As for the observation that those with more education do better, Caplan proposes an explanation that many have considered to be partially true for some time, but perhaps not realised just how true it might be. Many people have observed that there has been “inflation” in qualifications over time, that you now need higher qualifications for the same job than you did thirty years ago, and also that many are over-qualified for their jobs. Indeed, the economic concept of “inflation” is useful. If you have a surplus of one resource, “qualifications”, chasing a limited supply of another, “jobs”, you would expect the “price” to rise. If more qualifications are attainable, and kids need these to compete for jobs, they’ll go get as much as they can.
But why would an employer employ someone with a degree in knowledge that is not required for a job rather than someone without a degree? When degrees become common, Caplan says, employers will be suspicious of those who don’t have them and prefer those who do. Their qualifications “signal” to prospective employers, attributes that are highly desirable in an employee. He lists the main three attributes as intelligence, work-ethic and conformity. He claims that his trawling of the statistics indicates that these three attributes are more important to employers than knowledge or skills, and if higher education is available to most people, then it is the most reliable indicator of these attributes in a prospective employee. Getting a degree is not easy. If you have one you must be fairly smart and hard-working. And if you’re smart and hard-working and don’t have a degree, well, that’s a little suspicious. So a degree becomes a reliable test of employability, even if an expensive one that the employer does not have to pay for.
Sure, Caplan agrees that the qualifications indicate that you may have learned some useful stuff, but by his calculations he estimates that the usefulness of the stuff you learn in college generally accounts for about 20% of your subsequent improvement in earnings and the 80% remaining is due to signalling to employers that you are made of the right stuff for them.
But what about the the claims of higher education’s importance for the development of the person? Caplan is skeptical. This would be fine if it were true. What limited research there is indicates that higher education has very little impact on critical thinking skills and does not generate any great interest in the finer arts such as poetry or opera. My own personal observation of friends and relatives that have never been to college compared to those who have, confirms Caplan’s claims that it has no noticeable effect on “personal development” as claimed by many. No doubt they would be offended if I suggested it did.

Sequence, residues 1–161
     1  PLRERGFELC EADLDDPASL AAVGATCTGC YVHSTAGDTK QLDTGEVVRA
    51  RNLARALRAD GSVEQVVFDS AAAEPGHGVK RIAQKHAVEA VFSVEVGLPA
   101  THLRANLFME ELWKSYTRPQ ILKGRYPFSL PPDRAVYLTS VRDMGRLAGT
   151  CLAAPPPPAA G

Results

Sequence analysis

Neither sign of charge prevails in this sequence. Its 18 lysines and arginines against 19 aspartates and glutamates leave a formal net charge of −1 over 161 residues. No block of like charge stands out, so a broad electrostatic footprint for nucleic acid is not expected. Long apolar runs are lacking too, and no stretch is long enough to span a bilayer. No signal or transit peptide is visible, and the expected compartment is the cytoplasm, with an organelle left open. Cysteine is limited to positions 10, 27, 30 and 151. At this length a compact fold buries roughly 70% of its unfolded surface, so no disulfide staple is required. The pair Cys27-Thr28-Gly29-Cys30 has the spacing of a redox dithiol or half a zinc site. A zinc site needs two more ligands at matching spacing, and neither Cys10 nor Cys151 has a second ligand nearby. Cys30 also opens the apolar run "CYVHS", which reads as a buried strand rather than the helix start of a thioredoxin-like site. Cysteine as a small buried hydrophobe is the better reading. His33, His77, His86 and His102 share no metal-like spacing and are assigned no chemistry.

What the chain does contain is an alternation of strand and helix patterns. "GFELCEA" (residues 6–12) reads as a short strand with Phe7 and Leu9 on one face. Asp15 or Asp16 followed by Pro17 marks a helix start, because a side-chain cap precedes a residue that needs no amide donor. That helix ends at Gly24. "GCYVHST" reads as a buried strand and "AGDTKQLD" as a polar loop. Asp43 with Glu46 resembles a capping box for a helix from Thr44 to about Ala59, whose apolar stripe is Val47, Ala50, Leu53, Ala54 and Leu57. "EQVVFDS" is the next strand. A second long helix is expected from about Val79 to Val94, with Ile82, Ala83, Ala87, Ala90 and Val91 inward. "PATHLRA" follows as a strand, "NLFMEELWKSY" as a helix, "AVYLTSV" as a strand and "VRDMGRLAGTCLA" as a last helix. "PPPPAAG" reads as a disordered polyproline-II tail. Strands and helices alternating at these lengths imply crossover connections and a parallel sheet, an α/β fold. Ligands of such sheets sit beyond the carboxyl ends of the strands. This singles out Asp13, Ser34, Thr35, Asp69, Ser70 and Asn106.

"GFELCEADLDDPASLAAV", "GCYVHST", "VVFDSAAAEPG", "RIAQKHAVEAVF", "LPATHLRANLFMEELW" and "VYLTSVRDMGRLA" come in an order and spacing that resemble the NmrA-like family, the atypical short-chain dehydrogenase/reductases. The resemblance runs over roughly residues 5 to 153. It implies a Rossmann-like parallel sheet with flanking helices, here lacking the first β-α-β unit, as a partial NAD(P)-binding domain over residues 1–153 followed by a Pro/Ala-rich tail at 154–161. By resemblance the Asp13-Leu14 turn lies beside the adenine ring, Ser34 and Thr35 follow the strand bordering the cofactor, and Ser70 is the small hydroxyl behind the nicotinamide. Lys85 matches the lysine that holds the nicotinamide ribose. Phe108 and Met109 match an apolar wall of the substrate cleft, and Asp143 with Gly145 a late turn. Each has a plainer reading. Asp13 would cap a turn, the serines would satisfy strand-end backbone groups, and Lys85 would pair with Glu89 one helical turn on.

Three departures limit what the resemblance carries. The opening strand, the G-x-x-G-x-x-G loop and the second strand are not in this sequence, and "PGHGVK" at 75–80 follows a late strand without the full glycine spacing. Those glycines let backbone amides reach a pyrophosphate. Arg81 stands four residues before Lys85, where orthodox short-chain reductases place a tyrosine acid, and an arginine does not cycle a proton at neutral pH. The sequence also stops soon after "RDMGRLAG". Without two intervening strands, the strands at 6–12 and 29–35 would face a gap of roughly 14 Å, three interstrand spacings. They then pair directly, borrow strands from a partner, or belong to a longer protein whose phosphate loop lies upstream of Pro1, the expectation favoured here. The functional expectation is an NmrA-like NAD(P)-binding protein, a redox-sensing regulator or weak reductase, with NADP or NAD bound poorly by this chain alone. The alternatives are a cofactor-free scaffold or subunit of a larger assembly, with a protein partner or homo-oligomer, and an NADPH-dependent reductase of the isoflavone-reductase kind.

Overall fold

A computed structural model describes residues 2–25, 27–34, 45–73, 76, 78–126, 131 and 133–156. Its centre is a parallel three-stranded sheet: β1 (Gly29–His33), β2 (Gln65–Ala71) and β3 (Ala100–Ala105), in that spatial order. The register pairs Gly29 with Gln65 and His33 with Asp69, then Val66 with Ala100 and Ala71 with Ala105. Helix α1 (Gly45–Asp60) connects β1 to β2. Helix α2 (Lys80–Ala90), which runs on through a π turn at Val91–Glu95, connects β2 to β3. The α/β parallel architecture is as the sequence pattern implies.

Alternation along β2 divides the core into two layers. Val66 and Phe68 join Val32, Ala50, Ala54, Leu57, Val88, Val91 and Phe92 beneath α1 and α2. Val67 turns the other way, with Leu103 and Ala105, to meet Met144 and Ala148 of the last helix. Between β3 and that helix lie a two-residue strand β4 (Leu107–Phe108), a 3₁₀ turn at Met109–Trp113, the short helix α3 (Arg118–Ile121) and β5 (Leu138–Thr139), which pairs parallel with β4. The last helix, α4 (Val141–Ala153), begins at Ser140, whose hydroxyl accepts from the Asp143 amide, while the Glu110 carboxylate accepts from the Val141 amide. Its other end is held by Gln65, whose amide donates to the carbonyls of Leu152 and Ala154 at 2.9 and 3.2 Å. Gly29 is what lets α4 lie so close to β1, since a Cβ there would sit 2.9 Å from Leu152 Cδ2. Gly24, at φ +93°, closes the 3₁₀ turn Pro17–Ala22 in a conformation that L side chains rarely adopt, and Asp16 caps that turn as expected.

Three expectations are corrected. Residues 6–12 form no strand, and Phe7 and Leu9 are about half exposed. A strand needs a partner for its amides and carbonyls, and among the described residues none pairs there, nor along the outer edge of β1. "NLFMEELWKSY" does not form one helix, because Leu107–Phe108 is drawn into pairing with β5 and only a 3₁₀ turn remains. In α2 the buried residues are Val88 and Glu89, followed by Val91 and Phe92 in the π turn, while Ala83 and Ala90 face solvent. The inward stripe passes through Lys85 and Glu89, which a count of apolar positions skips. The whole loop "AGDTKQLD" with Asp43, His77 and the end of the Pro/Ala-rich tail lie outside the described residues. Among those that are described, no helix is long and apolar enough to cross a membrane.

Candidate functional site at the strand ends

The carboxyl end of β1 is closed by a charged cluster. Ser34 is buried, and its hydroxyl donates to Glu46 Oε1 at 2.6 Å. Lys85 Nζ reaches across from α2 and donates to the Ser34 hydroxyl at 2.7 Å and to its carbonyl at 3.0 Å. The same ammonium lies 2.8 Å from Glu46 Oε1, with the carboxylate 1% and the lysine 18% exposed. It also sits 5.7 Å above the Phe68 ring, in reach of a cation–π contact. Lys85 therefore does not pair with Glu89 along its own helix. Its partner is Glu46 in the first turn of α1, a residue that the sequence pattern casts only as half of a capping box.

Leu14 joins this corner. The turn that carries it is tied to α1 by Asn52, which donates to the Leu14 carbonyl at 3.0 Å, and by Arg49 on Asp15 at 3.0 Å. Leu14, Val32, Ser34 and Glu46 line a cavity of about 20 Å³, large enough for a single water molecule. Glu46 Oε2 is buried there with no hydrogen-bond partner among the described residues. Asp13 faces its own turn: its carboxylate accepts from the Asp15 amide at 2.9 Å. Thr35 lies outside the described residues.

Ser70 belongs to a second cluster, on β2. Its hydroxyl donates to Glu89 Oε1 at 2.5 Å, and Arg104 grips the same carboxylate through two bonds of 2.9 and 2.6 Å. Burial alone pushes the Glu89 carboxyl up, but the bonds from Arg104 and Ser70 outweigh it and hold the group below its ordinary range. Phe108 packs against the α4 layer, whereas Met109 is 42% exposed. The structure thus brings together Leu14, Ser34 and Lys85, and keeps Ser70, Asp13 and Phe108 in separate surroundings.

So what can be done? Well, Caplan’s proposed solution is fairly drastic. Remove all subsidy from higher education and let people pay for it themselves. It’s not that he wants people to pay for their own education, he just thinks that most should not go at all. If fewer people can afford higher education, employers will stop looking for this as a signal and look for other evidence of employability. Just as they used to do. He suggests that it may be worth supporting vocational education, but his main suggestion is that young people should just go out and work where they actually learn the most. Even before finishing secondary school.
Now even for a libertarian leaning academic like myself that has some sympathy with the diagnosis, this remedy seems a bit too radical. Although those of us who work in higher education can take comfort from the fact that such a remedy would be politically impossible, we owe it to those who are ultimately paying for our services to consider to what extent the diagnosis is true in Ireland. If it is even half as bad as Caplan claims, it is unacceptable, and it is our duty to find out how bad it actually is and see how we can fix it. We need to be thinking about how we can make our teaching more relevant, more effective and more efficient. And if we can’t do that, perhaps we should have less higher education.